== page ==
Archive for the ‘Concerts’ Category

No mud-wrestling rings

Posted by Susan Tomes on 10 July 2009 under Concerts, Daily Life, Travel  •  Leave a comment

Listening to Desert Island Discs on radio this morning, I was startled to hear impresario Harvey Goldsmith discussing the ‘riders’ – or additional contractual requests – demanded by some of his pop artists and their entourages to make their lives more pleasant on tour. He said his view was that a happy crew made happy […]

Enjoying the beat

Posted by Susan Tomes on 1 July 2009 under Concerts, Musings  •  Leave a comment

I’ve started to prepare for the next festival I’m involved in, the annual chamber music festival of the Gaudier Ensemble. It takes place in the lovely old village of Cerne Abbas in Dorset in July. This year I have a few little piano solos and ten different chamber works to prepare, ranging from a Haydn […]

Eye of the Beholder

Posted by Susan Tomes on 22 June 2009 under Concerts, Florestan Trio, Musings  •  2 Comments

It’s now a week since the Florestan Festival ended, and lots of people have been kind enough to write and say what they thought of it. One thing is very interesting: there’s enormous variety in what people enjoyed best. Some relished the things which were new for them, others treasured the old. Some liked things […]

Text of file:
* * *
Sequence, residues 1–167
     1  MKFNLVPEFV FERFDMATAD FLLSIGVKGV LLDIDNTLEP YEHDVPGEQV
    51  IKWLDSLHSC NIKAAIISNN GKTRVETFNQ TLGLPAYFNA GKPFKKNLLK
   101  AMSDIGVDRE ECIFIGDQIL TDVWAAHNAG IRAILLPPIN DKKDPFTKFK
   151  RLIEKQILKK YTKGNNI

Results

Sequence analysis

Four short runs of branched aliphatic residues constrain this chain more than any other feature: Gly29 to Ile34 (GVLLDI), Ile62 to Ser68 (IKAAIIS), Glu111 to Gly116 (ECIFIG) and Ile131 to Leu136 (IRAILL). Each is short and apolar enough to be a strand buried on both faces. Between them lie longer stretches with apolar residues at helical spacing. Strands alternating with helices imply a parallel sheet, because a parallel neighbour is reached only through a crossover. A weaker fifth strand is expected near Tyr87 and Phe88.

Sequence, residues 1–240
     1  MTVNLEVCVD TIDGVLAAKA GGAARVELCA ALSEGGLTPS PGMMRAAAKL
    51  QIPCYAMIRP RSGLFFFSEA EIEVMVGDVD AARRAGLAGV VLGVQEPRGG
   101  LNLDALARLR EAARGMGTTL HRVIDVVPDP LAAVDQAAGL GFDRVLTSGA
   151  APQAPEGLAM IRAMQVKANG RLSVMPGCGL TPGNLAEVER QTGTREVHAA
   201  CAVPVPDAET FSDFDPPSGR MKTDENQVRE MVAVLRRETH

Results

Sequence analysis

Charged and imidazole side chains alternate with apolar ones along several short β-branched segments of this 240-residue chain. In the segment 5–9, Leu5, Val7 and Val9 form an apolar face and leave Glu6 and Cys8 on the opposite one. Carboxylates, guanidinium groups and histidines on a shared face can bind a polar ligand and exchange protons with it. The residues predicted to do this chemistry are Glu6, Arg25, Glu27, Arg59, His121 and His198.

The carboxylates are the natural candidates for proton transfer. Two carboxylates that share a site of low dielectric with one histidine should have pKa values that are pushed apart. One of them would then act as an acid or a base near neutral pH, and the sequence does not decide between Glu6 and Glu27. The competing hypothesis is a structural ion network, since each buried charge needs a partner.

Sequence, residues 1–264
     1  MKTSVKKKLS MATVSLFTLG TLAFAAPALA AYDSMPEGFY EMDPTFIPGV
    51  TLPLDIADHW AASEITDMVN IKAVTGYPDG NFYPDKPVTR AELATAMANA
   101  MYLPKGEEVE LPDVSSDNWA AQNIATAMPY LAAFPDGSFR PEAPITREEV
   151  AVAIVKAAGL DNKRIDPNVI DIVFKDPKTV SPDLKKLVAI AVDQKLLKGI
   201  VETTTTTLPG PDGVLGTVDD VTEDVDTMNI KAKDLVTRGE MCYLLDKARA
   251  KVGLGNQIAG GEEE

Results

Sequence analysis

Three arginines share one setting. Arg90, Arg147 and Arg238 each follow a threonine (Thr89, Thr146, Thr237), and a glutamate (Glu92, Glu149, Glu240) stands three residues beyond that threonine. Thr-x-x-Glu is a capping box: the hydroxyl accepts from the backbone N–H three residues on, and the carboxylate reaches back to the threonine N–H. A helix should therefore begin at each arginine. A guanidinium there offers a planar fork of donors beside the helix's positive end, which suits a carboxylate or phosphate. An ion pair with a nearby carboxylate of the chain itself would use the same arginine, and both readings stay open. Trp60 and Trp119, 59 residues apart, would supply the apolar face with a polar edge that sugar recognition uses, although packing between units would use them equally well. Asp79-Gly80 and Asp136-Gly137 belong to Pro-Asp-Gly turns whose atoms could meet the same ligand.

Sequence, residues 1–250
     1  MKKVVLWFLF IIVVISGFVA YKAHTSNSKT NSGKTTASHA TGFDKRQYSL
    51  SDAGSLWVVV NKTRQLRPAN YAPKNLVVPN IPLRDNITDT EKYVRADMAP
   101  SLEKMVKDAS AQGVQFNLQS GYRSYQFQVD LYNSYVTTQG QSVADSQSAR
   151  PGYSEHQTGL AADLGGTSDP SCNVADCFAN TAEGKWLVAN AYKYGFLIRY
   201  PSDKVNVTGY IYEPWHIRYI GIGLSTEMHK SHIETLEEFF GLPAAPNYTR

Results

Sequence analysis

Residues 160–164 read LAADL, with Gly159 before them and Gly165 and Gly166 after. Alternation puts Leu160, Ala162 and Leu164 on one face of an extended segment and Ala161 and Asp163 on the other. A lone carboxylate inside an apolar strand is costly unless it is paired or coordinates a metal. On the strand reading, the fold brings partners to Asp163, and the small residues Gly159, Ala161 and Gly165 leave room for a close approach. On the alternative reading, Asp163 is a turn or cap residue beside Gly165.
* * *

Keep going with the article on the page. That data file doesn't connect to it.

My Billy Mayerl CD resurfaces

Posted by Susan Tomes on 18 June 2009 under Concerts, Daily Life  •  10 Comments

People sometimes ask where they can find my 1990 disc of piano music by Billy Mayerl, and I haven’t been able to tell them. Since Virgin Classics was bought by EMI, and after parts of EMI were moved to Paris, it’s become very hard to follow the fate of a record which has seemed to go in […]

Active Silence

Posted by Susan Tomes on 15 June 2009 under Concerts, Florestan Trio  •  Leave a comment

We’re just back from the Florestan Festival at Peasmarsh. What an extraordinary thing a festival is. A few hours before the first concert, the church is completely quiet, the country lanes are empty, and you can’t imagine that anyone will really come. You finish the rehearsal feeling almost despondent. All those weeks and months of […]